Advertisement

Kamala Harris blasts ‘plain old immoral’ abortion bans during historic visit to Planned Parenthood clinic

Vice-president Kamala Harris put the battle over reproductive rights on centre stage as the Biden-Harris re-election bid seeks to capitalise on strong opposition to conservative victories ahead of November’s showdown with Donald Trump.

Ms Harris was in Minnesota on Thursday where she appeared at a Planned Parenthood clinic in St Paul which provides abortion services, although details of the visit are under stricter guard than what would typically be released about a campaign stop headlined by the vice-president. The visit was first reported by NBC News just a day before it was set to occur, and the news was not attributed to any White House spokesperson, only sources with knowledge of Ms Harris’s plans.

Her visit is thought to be the first time any sitting president or vice president has appeared at a clinic that provides abortion services.

Ms Harris’s tour of the clinic was not in front of the cameras; she spoke to reporters at a press conference alongside Planned Parenthood staff following her meetings with doctors and patients inside the facility. In her remarks, she denounced what she said were “plain old immoral” bans on abortion care that she said were leaving women without access to a wide range of care in many areas across the US.

“How dare these elected leaders believe they are in a better position to tell women what [doctors] need to tell them, and what is in their best interest?” demanded the vice-president.

“I'm here at this health care clinic, to uplift the work that is happening in Minnesota as an example of what true leadership looks like. Which is to understand it is only right and fair, that people have access to the health care they need, and that they have access to health care in an environment where they are treated with dignity and respect,” Ms Harris continued.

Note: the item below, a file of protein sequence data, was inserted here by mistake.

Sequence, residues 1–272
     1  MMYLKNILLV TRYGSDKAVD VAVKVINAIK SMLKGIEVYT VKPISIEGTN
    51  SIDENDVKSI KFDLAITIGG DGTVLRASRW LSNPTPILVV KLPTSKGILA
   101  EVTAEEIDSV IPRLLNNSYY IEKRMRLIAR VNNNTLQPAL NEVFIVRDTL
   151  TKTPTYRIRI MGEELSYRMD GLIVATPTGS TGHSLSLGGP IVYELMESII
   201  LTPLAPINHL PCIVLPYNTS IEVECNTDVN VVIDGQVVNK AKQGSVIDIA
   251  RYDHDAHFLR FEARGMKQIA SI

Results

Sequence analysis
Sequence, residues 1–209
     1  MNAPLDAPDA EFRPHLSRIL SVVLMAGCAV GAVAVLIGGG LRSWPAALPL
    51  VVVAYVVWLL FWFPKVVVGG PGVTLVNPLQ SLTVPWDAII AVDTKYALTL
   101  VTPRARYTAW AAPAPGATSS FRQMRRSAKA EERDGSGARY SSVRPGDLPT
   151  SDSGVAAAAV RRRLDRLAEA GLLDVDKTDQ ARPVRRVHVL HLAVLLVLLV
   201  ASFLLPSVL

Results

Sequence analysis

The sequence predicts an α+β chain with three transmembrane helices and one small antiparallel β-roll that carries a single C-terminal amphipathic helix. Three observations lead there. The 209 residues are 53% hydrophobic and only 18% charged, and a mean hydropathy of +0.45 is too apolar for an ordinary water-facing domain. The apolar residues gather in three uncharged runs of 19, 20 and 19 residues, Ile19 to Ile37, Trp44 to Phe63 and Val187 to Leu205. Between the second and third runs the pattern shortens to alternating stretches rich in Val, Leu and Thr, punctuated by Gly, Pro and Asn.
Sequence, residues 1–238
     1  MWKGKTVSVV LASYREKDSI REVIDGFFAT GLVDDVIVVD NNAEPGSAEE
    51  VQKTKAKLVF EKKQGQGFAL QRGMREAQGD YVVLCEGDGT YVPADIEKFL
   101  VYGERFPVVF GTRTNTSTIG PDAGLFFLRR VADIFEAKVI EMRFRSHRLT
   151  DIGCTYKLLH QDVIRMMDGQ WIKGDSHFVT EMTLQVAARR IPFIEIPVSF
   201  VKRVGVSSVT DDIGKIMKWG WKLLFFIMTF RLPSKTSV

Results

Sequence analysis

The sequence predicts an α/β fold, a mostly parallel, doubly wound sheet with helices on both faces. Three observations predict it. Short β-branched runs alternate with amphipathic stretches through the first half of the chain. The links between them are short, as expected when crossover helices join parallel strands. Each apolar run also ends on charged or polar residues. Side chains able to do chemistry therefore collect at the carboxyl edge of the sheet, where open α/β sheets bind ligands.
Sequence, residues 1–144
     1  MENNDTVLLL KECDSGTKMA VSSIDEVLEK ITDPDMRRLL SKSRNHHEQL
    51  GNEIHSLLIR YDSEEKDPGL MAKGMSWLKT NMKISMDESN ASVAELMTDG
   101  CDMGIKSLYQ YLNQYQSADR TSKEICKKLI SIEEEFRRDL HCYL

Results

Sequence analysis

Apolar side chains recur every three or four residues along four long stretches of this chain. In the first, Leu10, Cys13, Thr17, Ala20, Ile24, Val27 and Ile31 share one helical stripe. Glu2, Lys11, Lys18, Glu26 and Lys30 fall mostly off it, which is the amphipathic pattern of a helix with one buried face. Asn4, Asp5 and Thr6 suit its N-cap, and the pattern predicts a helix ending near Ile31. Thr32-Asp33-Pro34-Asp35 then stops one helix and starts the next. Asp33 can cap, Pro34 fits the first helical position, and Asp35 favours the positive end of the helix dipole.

Kamala Harris speaks during a visit to the St Paul Health Center (REUTERS)
Kamala Harris speaks during a visit to the St Paul Health Center (REUTERS)

Her remarks were pointedly more explicit in their terminology than those of the president, who does not frequently use the word “abortion” in remarks about reproductive rights and has been pounded by pro-choice groups for avoiding its mention. She took that criticism head-on at the press conference.

“So everyone, get ready for the language: uterus,” said Ms Harris. “That part of the body needs a lot of medical care from time to time. Issues like fibroids ... breast cancer screenings, contraceptive care, that is the kind of work that happens here. In addition, of course, to abortion care.”

Unlike in other states where abortion restrictions are tighter, Planned Parenthood operates more than 10 locations across Minnesota. The vice-president’s visit, which will also include a more traditional campaign stop, will take place in the Twin Cities, Minneapolis and St Paul.

Ms Harris and Joe Biden have launched an aggressive campaign schedule over the month of March and may be seeking to gain momentum for their re-election bid as rival Donald Trump’s legal woes (and the associated financial costs) pile up. The two are set to visit North Carolina in the coming days, while Mr Biden was in another swing state, Wisconsin, on Wednesday.

Reproductive rights are set to be a central campaign issue for Democrats up and down the ballot in 2024 following the party’s success with running on the issue in the 2022 midterms. That cycle ended with disappointment for their Republican opponents, who saw a Democratic majority expand slightly in the Senate while they were only able to carve out a thin, unsteady majority in the House of Representatives (which has since trickled further down into single digits). Some of the best-performing Democrats nationwide that year were purple-state candidates like Michigan’s Gretchen Whitmer, who won re-election while embracing a strong defence of reproductive freedoms.

Mr Biden himself condemned the decision of the Supreme Court tossing out abortion protections established in Roe v Wade during his State of the Union address last week, notably doing so while the court’s justices were present in the chamber to hear his remarks.